A further key advantage of our approach lies in the fact that the stable lasing regime is highly robust to external (for example, thermal) perturbations, that are a well-known problem in resonator-based optical parametric oscillators (OPOs)17,22. In OPOs, temperature variations due to the circulating power naturally detune filter resonances with respect to an external pumping source. Although stabilization mechanisms such as thermal locking have been exploited to solve this problem, they are ineffective against slow temperature drifts, a fact which often leads to the situation where the OPO shuts down25. Our approach does not suffer from this problem as all the oscillating lines are actually modes of the main cavity that lase within the resonator resonances. As the nonlinear resonator is part of the main cavity, the changes in the resonator optical path induced by heating also contribute to a change in the main cavity length, which in turn moderates the frequency misalignment between ring and main cavity modes. Moreover, the stable oscillation is sustained primarily by external gain and it is obtained at resonator input power levels in the 10 mW range, about an order of magnitude lower than the values normally used to pump OPOs. The ring resonator heating issues are therefore reduced. However, we found that the central lasing frequency was dependent on the energy coupled in the ring, which yielded a variation of the central frequency over the power at the input of the ring of approximately 0.67 pm mW−1.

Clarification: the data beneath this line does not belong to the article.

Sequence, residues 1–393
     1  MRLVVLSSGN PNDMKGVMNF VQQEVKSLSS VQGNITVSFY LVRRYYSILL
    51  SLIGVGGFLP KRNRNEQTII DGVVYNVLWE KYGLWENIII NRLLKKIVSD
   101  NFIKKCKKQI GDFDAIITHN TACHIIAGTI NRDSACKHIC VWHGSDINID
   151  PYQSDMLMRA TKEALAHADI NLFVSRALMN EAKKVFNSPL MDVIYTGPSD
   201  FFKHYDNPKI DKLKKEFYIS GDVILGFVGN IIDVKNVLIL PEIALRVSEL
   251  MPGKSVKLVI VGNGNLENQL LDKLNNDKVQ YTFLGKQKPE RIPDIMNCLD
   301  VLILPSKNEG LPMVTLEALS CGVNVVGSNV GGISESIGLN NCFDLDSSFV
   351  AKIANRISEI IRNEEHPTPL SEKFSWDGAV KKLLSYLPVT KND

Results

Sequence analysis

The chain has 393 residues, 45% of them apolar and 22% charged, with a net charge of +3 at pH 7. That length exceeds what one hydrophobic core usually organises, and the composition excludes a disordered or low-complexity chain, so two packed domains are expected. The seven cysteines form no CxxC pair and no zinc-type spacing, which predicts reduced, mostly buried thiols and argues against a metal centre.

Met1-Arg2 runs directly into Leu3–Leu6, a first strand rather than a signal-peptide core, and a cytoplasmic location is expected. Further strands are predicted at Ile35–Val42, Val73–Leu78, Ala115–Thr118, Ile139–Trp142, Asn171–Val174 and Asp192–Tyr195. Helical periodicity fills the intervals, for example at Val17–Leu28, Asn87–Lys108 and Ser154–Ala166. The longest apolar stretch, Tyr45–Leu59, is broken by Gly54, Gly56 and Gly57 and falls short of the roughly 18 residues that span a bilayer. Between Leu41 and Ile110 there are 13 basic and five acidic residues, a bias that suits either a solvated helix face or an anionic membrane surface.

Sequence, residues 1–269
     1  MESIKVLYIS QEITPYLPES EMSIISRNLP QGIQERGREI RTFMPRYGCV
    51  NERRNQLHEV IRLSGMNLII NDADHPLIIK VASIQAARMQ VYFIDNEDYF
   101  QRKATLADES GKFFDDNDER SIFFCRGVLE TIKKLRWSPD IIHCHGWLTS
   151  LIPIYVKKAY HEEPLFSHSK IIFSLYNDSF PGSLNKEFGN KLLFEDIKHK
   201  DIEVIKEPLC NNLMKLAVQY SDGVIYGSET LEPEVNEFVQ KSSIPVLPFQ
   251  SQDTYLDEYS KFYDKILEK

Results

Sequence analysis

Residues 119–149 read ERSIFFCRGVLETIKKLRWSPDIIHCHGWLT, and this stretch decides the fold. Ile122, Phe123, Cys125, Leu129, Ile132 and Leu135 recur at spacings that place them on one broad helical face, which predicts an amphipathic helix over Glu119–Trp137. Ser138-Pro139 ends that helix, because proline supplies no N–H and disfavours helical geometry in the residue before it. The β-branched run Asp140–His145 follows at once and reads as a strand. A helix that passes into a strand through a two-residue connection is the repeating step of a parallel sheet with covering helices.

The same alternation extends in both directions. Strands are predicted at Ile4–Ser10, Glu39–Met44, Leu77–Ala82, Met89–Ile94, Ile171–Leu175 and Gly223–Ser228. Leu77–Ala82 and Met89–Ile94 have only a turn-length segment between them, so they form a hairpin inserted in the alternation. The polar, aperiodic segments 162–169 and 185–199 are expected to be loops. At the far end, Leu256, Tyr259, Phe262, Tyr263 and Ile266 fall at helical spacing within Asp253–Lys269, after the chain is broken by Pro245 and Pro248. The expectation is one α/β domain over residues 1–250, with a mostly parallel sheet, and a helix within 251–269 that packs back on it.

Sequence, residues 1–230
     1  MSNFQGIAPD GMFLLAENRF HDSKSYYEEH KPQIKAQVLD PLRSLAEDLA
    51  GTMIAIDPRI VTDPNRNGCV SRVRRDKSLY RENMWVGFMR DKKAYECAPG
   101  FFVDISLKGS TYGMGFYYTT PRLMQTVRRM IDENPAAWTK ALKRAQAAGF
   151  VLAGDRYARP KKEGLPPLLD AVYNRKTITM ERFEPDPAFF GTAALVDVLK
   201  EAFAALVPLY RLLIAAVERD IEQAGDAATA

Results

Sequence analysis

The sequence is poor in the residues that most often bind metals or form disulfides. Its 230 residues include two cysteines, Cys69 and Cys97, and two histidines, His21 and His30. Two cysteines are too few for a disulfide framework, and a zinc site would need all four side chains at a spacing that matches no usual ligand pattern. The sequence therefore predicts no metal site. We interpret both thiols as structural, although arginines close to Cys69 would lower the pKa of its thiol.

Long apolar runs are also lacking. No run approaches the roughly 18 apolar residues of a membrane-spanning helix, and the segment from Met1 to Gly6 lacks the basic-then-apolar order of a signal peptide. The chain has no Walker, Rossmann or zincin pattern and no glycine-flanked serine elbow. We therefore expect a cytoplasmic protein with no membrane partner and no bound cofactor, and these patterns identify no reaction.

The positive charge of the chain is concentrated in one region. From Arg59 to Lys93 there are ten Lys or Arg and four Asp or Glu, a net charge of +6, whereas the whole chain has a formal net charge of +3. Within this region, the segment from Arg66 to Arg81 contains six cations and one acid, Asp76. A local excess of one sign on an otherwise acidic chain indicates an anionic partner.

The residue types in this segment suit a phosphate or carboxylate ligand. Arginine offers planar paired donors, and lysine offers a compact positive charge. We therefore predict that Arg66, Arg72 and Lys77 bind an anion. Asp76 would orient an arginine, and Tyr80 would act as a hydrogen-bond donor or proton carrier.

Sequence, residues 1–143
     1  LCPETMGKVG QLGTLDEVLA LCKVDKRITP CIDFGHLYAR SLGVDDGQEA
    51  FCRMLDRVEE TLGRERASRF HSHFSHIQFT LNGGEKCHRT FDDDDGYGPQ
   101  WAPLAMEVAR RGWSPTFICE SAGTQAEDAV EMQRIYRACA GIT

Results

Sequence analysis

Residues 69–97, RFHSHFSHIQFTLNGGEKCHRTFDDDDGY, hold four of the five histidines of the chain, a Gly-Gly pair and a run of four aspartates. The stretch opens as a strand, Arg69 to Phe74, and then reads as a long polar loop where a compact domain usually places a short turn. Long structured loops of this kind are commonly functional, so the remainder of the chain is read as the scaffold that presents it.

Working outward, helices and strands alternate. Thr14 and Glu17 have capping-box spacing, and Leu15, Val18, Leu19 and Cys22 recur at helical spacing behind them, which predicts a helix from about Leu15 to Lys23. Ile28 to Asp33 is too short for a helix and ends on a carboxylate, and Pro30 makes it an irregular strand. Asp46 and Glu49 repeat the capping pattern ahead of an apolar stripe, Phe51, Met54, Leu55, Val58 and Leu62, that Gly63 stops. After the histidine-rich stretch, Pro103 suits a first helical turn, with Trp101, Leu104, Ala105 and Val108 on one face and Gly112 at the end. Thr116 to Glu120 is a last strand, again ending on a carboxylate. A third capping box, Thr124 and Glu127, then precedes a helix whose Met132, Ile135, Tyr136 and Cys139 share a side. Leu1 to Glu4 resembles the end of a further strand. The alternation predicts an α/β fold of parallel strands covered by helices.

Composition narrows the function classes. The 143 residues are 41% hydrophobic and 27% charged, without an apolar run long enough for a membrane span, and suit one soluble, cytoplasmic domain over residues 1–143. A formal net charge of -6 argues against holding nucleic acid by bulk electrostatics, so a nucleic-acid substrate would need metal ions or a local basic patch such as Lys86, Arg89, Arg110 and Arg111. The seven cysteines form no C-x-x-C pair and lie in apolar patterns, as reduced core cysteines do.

Laser set-up and operation

The key component of the laser, the ring resonator, shown in Fig. 1a–d, is an integrated microring resonator with a Q factor of 1.2 million (refs 21,26) (estimated from a measured linewidth of 160 MHz), fabricated in a CMOS-compatible chip platform27,28 based on a high-index, doped-silica glass waveguide. The experimental set-up is shown in Fig. 1b (see Methods for details). The microring resonator is simply embedded in a standard erbium doped-fibre loop cavity (acting as the gain medium) containing a passband filter with a bandwidth large enough to pass all of the oscillating lines, with the main purpose of controlling the central wavelength λ0. A delay line is employed to control the phase of the main cavity modes with respect to the ring modes.